FIREHOUSE BABY
By Austen Roye

1. hang in there

my springboard is a type of
social solitude
publicly isolated with head down
in plain sight.
managed two maybe three
hours of sleep and here now
far from home
foaming over ideas of
empty typewriter rooms
a desk by an open window that
makes me think of cigarettes.
I am trying to quit smoking
I am trying to tell you something
I am trying to remind myself
what it is to be
idealistic. 

I am right there on the cusp
of not knowing what the hell
the kids are talking about
not out of touch maybe
out of steam out of drive
just out of it.

people who have cosmic visions
have too much time on their hands
life is too short to party
with palm readers.

my angel of death
only reads books if they’re
first editions and says
he has my all figured out
because I’m a Gemini.
he hands me an ironic pamphlet
with Gandhi on the cover
doing a pull-up captioned,
“Hang in There.”

he asks me
what seems to be the problem
your disposition is negative
your vibes are anxious
your aura is shit-brown.

one day he’ll take me
as yours will take you
the game is rigged
which should be enough
to unify us all but somehow
doesn’t.

I can’t have visions of grandeur
doctor’s orders
something about a low blood
cell count I don’t know
I wasn’t listening.

at any rate
out of any conflict I’ll
take the one I know
I can win
which is the human heart
at war with itself.

besides I’m too
emotionally invested
but then again
that’s probably just
the Gemini
in me.

2. curtains

I’ll pay one day
for everything. 

one day I’ll pay for
looking so cool
smoking all these
cigarettes.

whether steaming in my
skin in Texas or a hotel
balcony in Budapest
tomorrow next fall or
craned over shoving a
broom over lifeless floor
tiles bleach and piss a
wheelchair by a window
a balloon on a string
in my hand wondering
if administrative assistants
ever win Nobel prizes.

here I am
a fish in a bowl
exploring a plastic
shipwreck.

3. firehouse baby

I said to myself,
I’ll write a comprehensive study
of average everyday activities
stricken with the weight of
crippling anxiety and paranoia
a life overcome by fear
which makes that life
anything but average.

regard fear as a living breathing thing
but never give it a name
because if you give it a name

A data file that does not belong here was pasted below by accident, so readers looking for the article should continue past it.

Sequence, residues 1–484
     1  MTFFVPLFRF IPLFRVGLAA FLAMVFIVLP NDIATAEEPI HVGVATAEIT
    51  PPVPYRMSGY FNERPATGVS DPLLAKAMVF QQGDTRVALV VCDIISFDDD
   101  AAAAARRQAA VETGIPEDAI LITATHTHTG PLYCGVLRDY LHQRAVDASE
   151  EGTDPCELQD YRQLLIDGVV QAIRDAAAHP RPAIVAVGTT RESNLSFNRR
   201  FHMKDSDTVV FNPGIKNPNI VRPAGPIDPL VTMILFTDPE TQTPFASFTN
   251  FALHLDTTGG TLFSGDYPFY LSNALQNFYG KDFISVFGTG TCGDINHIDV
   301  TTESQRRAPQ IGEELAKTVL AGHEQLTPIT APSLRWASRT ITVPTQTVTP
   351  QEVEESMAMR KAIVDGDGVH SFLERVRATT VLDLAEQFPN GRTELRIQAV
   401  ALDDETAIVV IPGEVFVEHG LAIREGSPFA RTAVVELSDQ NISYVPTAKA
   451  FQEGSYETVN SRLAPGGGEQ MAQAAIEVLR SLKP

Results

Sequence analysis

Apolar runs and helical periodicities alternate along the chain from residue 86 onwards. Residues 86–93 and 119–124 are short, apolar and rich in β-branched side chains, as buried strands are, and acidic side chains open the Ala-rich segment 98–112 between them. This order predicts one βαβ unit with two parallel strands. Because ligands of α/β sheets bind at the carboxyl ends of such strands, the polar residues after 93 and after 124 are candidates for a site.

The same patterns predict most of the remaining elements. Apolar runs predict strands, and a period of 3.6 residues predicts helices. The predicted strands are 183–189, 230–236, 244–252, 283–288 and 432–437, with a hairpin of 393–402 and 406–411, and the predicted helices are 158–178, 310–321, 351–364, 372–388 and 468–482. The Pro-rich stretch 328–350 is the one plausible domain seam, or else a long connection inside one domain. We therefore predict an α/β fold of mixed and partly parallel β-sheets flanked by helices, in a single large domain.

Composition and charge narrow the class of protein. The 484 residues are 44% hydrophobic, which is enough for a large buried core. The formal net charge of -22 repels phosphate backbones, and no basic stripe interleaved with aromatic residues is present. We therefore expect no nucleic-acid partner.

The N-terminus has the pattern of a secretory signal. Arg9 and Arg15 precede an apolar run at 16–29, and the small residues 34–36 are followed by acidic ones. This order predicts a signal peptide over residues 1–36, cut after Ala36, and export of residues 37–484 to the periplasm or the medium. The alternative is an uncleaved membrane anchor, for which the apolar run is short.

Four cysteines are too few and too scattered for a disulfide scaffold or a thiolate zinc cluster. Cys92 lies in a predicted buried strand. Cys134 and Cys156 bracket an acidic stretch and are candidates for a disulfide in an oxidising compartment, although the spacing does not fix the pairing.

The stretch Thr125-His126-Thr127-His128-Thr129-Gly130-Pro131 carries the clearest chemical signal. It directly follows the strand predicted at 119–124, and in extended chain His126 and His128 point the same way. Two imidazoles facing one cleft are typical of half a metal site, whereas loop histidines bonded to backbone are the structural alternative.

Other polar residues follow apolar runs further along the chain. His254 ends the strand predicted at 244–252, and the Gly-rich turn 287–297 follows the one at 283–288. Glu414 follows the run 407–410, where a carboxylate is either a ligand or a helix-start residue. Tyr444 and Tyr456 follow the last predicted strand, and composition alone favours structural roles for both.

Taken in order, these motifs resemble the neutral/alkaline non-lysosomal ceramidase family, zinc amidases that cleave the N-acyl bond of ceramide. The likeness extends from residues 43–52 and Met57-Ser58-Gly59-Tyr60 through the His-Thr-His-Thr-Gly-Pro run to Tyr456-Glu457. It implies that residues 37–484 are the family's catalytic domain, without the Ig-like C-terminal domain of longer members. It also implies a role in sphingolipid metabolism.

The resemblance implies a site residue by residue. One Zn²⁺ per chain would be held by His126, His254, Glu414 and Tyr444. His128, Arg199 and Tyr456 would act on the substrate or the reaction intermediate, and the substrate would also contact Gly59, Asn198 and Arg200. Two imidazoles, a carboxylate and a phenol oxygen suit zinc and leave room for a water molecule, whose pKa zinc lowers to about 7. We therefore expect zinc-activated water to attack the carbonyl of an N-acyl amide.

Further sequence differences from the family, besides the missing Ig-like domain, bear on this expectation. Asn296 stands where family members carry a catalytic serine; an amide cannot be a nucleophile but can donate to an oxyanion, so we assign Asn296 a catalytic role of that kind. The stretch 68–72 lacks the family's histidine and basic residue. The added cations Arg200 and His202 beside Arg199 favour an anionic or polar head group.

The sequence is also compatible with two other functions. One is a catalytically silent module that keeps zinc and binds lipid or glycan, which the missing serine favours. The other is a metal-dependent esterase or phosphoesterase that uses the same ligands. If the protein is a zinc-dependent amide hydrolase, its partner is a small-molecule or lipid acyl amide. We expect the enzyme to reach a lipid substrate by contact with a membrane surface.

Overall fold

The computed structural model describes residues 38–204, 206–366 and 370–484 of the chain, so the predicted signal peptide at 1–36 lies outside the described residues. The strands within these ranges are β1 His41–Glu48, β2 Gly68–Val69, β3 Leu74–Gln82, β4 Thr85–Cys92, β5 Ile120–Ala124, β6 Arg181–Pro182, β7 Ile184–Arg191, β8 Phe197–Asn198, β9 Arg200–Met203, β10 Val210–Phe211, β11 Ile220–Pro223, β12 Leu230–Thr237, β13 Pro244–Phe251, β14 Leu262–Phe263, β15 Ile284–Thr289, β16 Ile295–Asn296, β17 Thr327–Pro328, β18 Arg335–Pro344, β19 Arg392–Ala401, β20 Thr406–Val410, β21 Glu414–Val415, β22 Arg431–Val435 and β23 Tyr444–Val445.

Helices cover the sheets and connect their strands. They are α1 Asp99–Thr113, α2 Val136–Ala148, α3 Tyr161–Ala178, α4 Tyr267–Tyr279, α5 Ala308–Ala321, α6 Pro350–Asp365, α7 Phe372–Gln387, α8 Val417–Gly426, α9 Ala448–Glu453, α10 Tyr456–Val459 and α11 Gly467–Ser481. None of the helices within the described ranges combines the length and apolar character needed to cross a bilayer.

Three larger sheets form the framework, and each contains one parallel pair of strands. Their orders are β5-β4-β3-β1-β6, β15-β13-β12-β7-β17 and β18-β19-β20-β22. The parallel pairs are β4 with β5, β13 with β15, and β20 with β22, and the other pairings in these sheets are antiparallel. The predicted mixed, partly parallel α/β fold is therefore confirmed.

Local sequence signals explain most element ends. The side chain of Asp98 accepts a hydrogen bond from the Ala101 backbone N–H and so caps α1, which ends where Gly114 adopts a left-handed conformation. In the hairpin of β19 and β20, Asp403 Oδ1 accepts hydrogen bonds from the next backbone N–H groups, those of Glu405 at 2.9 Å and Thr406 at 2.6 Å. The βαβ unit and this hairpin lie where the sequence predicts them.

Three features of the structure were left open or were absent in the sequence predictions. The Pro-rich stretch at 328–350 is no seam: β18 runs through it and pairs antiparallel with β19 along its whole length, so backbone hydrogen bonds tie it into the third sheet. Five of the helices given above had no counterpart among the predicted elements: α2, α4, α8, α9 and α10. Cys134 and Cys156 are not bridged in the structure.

it becomes all too real.

the way they don’t name pigs
destined to be slaughtered.

a name makes it all too relative
much too real
and therefore makes it all the more
difficult to abandon
to bury to cast out.
with a name your fear becomes
a beloved house pet you can
no longer afford to feed.

your fear becomes a
firehouse baby.

these are the notes I scribbled down
after eight or nine beers in sweatpants
pine needles pile of smoldering ash.
notes on a novel
and less than a page written of said novel
after a solid year of
someday
someday
someday.

I was spinning on wine one night
in bed beside her in the dark and
she said

tell me a scary story.

so I coughed one up as best I could
in such a state as I was in
did my best to raise and lower my voice
pause for dramatic effect
whisper when necessary.
something about ghosts
I don’t remember.

the next morning I woke heavy-headed
and she told me she’d had nightmares.
it was the story she said
it had left her a bit shook
to which I was both apologetic and
selfish as it is
somehow proud
believing nightmares to be a sign
of half-decent storytelling.
she suggested I try writing horror
and maybe I will who knows.

I used to think genre fiction
was dog shit on my shoe
for which I sincerely
apologize.

but writing about not writing
is hardly writing at all isn’t it?
how many publishers’ desks have
cracked and caved under a million or so
half-ass drab faux farces of ghost stories
1700’s period clothing
bonnets beards top hats carriages
ancient burial ground bones in basements
and don’t you ever go in the basement
footsteps in attics doors bursting open
and slamming shut anonymously
ominous faces in windows
always the creak of disheveled houses
and always the woods always the woods
running into it running out of it
the young couple the car breaks down
and in they go
you know the story.

how could the woods be anything
other than a catalyst for
death darkness evil
and not just a shit-load
of trees?

writing about not writing
a comprehensive study
average everyday activities
stricken by the weight of
crippling anxiety and paranoia.

notes on the novel
I read them back to myself out loud
then sat down and wrote
this poem instead
if that’s what this is.

that being said
consider this a horror story
and if it gives you nightmares
please know that I am both
apologetic and selfish as it is
somehow

proud.

About the Author:

Austen Roye

Austen Roye has contributed to numerous independent presses and literary magazines. Most recently, he published his first poetry collection, God Save Your Mad Parade, through Crisis Chronicle Press. He resides in Denton, TX.

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